Sunday, January 04, 2009


Returning from my parents’ house in Texas last week, I was shocked and embarrassed to realize Israel was in its third day of air strikes on Gaza, and I’d not realized it. I can excuse myself, saying that I was so occupied with my father’s cancer and aneurysm, my Uncle’s unsuccessful brain surgery, and what was probably my last visit with him alive. But then I remember my student from Ramallah whose mother was undergoing cancer treatment while bombs fell around their family not so long ago.

But the second thing I thought was: damn! This was about the very worst week of the entire year to serve Babydaddy papers in order to sue for full custody of my child and a “reasonable visiting schedule” so that I can move with her to Israel. What judge on earth is going to award a parent permission to take a child into a country at war?

Babydaddy phoned the first night of the air strikes to discuss mediation. There have been no follow up phone calls.

I fully support Israel’s right and obligation to defend itself. And when I am face to face with my student, who has spent significant amounts of time praying that the last suicide bomber was not from her home town, I am at a loss. The West Bank is not Gaza. But even if it were, Hamas must still be made to stop its incessant rocket fire, whose only purpose is to provoke Israel and to prevent any two-state solution, any hope for peace.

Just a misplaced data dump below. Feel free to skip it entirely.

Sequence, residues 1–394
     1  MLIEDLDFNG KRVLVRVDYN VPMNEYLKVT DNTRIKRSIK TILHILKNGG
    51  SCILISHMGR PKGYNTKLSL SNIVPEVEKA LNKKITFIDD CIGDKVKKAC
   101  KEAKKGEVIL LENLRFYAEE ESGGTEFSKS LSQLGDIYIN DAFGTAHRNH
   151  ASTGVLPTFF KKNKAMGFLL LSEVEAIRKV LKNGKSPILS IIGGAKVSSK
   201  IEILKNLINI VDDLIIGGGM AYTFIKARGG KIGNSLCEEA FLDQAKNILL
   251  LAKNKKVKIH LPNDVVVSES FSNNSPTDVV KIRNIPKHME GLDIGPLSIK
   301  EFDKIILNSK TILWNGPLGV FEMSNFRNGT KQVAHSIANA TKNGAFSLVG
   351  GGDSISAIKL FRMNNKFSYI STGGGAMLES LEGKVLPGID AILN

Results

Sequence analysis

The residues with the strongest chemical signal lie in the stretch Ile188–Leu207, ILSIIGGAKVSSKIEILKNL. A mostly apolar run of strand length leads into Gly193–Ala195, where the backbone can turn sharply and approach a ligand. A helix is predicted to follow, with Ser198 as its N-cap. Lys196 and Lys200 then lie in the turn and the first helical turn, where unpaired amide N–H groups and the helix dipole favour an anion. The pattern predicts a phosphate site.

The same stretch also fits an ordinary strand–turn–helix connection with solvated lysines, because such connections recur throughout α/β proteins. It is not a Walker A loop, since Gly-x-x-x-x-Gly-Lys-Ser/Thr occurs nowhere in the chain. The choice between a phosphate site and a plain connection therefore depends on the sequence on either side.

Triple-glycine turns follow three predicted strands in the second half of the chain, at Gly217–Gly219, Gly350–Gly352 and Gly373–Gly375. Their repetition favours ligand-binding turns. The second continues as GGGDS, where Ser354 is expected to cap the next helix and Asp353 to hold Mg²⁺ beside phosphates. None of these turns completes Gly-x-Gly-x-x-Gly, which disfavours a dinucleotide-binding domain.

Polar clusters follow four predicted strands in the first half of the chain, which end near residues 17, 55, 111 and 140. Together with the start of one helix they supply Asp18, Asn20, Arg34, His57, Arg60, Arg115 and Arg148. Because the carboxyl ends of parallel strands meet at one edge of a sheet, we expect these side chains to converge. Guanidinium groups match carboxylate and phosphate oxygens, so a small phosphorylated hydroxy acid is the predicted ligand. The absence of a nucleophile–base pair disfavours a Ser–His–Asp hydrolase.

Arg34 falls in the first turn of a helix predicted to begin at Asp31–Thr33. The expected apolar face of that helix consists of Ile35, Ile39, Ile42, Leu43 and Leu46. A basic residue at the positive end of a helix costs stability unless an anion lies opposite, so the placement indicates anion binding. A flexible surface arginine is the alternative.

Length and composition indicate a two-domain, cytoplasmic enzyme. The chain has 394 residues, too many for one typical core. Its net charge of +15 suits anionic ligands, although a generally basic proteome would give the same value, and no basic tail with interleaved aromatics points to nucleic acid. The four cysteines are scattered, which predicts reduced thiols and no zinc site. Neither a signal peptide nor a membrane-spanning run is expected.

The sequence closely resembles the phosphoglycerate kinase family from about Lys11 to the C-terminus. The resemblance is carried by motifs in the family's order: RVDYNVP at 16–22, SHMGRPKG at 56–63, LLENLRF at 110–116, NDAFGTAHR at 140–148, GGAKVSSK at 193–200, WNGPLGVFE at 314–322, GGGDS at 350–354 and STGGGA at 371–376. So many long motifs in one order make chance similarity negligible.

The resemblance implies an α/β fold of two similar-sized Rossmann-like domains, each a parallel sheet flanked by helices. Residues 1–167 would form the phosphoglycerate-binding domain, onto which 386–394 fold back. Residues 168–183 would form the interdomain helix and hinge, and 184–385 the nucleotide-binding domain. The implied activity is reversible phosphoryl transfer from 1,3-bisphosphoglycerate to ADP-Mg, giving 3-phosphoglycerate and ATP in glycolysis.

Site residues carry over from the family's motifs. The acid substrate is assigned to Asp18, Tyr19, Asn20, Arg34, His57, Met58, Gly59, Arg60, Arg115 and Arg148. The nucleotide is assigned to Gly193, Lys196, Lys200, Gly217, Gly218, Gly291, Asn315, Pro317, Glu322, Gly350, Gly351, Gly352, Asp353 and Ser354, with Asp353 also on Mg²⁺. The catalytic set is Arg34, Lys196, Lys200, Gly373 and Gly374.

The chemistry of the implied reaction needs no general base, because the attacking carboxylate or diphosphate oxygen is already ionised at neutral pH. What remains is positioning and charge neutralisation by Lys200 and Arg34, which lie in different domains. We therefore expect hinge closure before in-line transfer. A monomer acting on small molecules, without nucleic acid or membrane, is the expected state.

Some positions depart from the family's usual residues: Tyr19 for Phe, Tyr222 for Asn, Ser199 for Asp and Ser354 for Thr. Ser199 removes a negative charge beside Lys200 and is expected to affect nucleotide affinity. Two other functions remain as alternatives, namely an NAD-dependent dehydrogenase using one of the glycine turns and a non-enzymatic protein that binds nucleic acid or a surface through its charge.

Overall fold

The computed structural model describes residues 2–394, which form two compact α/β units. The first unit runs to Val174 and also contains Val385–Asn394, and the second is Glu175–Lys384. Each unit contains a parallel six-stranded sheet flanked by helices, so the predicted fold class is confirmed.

But why is the world so screwed up that innocent civilians cannot move out of the way of fire? When she asks me this, I won't have an answer.

This student has sent me an invitation to sign petitions, and to subscribe to her blog that tracks the death of every civilian in Gaza. Before the strikes, she was awarded a national prize in Israel for an essay she wrote about her mother’s cancer treatment—a prize she received at the King David Hotel in Jerusalem. She clings tenaciously to the distinction between the people and the politics of politicians. Or she used to.

So far the tactic we have both taken is never to lose sight of the humanity of the other. She is going to be in my class this spring, translating the Palestinian poet Mahmoud Darwish who passed away late this summer. I really hope we can do this.